Album review: Harlequin, One False Move (1982)


By Steve Newton

When I first heard One False Move, I was about to write it off as just another pop schlock compilation in the Foreigner/Loverboy mold, but after a few listens songs like “Hard Road” and “It’s A Woman You Need” started to grow on me. The bluesiness and emotion of the latter track in particular shows a different side of Harlequin than that portrayed by the upbeat pop of “Say Goodnight” and “Heart Gone Cold”.

But if, as appears to be the case, Harlequin is hoping to cash in on the “take it to the teenybopper” trend, they are on the right track. Like Loverboy and Foreigner they have the essential ingredients: a recognizable vocalist and a stylish guitar player.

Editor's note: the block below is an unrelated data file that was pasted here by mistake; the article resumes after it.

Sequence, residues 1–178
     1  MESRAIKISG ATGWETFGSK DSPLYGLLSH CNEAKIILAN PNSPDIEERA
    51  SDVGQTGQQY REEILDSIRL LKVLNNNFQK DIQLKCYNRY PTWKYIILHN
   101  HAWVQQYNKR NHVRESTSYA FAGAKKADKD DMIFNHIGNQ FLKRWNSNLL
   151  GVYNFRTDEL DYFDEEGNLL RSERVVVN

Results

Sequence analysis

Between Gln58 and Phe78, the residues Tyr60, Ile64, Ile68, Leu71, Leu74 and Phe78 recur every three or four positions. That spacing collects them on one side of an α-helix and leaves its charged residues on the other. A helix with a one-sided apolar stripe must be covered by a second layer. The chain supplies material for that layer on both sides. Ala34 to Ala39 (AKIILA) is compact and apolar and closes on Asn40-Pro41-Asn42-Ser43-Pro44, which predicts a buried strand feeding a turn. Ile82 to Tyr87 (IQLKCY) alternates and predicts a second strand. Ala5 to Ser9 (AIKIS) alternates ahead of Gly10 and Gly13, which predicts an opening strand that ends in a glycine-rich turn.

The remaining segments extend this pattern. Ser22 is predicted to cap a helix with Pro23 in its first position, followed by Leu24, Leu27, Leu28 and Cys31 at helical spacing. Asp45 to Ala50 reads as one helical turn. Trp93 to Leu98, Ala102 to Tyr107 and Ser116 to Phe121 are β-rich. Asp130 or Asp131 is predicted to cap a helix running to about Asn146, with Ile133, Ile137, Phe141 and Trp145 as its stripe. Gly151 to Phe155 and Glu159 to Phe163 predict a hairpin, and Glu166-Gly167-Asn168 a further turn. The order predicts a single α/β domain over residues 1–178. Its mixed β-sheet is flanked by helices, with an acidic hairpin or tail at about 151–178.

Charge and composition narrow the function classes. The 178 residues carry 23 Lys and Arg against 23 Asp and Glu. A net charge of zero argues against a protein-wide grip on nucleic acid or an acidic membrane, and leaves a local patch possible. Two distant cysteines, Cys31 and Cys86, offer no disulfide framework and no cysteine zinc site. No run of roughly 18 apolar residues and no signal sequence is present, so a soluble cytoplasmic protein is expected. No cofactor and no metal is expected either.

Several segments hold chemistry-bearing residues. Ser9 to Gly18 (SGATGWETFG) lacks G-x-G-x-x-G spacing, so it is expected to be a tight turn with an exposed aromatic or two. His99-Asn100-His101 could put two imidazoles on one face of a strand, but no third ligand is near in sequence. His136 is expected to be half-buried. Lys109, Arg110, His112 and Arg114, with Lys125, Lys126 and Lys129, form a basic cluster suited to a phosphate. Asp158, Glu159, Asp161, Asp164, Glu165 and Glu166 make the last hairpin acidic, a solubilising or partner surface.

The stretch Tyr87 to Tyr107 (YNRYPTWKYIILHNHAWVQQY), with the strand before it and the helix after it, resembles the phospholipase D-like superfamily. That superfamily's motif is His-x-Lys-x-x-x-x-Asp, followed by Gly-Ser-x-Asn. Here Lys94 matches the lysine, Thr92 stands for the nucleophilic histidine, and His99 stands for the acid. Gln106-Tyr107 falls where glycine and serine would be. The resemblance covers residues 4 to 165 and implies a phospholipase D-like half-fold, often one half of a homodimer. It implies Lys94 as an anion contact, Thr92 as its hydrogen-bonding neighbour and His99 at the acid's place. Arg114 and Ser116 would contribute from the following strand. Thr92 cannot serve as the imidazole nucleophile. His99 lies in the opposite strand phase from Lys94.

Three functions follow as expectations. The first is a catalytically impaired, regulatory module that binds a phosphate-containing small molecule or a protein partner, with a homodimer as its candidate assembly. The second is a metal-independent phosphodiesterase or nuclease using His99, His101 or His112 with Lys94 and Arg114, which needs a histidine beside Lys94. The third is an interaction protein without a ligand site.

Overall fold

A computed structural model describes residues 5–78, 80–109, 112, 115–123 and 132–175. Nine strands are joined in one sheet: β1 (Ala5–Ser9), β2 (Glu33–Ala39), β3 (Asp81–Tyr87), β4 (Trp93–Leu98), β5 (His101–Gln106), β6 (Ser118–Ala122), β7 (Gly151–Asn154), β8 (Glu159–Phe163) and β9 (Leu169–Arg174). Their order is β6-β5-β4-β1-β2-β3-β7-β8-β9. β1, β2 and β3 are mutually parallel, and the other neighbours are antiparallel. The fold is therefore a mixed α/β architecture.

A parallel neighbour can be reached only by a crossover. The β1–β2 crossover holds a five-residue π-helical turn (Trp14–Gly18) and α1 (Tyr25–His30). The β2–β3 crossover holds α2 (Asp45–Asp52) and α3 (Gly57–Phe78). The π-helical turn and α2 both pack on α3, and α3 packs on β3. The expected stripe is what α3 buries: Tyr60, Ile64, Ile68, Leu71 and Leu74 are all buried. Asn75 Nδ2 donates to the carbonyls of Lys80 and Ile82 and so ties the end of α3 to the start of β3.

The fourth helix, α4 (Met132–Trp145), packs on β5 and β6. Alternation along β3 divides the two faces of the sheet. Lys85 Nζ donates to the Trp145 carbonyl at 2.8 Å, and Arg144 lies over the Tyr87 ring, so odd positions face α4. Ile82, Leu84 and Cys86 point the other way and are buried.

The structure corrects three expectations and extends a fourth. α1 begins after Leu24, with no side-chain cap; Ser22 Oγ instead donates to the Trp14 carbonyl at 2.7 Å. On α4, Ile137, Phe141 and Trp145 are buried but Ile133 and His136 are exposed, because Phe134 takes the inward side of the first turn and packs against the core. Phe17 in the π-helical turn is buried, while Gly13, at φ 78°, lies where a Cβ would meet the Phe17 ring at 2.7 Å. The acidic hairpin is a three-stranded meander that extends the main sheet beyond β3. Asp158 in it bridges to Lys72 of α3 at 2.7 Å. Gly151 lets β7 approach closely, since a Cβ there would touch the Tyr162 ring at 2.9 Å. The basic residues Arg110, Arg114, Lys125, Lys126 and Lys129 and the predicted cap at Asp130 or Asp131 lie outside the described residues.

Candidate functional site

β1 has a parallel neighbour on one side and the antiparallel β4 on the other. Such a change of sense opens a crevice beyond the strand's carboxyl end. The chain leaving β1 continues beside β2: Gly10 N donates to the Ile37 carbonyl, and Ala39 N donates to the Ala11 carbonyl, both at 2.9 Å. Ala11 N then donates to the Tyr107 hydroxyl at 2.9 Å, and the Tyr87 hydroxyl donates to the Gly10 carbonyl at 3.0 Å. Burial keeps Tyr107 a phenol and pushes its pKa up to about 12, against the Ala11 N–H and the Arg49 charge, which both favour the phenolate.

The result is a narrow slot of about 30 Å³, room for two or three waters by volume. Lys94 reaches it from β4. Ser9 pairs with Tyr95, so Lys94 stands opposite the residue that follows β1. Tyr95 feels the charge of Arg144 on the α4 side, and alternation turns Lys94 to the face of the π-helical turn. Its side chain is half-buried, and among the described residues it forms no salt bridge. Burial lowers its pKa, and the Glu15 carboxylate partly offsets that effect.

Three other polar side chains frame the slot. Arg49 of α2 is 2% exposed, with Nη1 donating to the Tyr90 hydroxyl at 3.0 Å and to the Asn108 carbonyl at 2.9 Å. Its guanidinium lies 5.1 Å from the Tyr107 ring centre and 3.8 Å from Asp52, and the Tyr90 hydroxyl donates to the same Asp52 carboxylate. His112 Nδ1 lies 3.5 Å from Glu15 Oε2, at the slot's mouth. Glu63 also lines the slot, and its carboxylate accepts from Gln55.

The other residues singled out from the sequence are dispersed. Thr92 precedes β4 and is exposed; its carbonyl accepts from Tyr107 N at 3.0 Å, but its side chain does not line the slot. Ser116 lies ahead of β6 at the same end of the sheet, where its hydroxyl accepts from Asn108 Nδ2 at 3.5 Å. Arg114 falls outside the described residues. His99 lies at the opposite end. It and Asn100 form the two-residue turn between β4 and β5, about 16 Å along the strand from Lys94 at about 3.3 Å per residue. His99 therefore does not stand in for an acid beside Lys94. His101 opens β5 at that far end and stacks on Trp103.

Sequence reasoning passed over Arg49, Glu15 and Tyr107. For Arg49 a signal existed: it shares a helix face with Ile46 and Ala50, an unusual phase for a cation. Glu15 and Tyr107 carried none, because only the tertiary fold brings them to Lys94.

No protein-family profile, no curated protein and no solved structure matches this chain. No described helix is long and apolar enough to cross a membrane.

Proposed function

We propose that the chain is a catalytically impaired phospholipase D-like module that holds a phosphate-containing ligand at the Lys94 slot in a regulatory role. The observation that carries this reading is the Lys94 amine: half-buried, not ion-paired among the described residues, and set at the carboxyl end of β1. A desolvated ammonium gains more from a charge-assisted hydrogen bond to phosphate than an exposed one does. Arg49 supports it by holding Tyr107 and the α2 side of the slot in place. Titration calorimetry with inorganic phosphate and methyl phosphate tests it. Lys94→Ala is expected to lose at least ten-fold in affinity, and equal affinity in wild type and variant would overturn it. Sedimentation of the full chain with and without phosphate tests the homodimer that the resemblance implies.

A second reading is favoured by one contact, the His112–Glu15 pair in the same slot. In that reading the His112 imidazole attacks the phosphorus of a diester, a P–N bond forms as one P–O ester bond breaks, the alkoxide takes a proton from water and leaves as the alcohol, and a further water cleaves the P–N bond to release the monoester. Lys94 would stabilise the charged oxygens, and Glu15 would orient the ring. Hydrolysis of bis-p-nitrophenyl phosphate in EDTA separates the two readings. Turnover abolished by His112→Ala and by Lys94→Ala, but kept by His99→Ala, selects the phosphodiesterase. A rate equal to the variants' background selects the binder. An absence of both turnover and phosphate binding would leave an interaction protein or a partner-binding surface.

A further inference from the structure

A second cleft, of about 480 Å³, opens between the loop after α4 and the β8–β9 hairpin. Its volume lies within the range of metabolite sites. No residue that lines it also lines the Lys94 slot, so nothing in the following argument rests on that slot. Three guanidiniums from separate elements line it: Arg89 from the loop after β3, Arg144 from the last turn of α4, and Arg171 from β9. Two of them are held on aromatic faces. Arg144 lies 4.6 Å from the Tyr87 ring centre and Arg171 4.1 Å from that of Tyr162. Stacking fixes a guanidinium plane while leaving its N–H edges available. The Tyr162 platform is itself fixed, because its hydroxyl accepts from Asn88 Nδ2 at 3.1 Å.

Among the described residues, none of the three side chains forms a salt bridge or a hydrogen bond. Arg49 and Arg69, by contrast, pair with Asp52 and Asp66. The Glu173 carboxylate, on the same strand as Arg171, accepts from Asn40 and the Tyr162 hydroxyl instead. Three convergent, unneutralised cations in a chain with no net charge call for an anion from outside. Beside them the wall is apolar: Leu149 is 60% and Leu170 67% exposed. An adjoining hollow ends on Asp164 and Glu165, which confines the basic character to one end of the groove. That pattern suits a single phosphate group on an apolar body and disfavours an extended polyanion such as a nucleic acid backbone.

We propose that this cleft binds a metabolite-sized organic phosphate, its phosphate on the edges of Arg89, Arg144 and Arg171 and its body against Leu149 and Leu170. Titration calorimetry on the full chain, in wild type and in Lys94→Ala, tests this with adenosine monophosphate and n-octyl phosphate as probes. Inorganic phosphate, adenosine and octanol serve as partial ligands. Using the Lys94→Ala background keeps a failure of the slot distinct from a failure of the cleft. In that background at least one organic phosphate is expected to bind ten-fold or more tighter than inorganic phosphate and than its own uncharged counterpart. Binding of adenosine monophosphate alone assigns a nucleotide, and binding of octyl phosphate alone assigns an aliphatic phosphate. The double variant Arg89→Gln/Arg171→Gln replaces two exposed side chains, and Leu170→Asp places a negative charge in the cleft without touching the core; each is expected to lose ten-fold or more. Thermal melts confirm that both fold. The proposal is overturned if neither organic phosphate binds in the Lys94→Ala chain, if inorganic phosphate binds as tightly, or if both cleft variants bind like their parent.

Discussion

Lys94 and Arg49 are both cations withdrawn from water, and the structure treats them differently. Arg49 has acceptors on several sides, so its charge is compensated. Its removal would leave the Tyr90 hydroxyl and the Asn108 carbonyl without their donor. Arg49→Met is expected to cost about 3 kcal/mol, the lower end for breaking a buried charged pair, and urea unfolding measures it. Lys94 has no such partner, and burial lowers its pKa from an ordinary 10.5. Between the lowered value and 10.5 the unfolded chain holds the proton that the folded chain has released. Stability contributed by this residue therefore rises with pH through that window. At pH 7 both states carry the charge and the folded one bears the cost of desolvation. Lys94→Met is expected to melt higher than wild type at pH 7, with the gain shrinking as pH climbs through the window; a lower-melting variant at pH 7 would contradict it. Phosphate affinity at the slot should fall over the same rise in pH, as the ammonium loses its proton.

Singer George Belanger and axeman Glen Willows also write almost all Harlequin’s material, so they are the ones responsible for giving the group a sound that is mainstream radio material and yet borders on the artistically credible.

Acquiring the services of ace producer Jack Douglas is another feather in the band’s cap, as his arrangements and production techniques give the album that polished and enhanced effect that often spells success.


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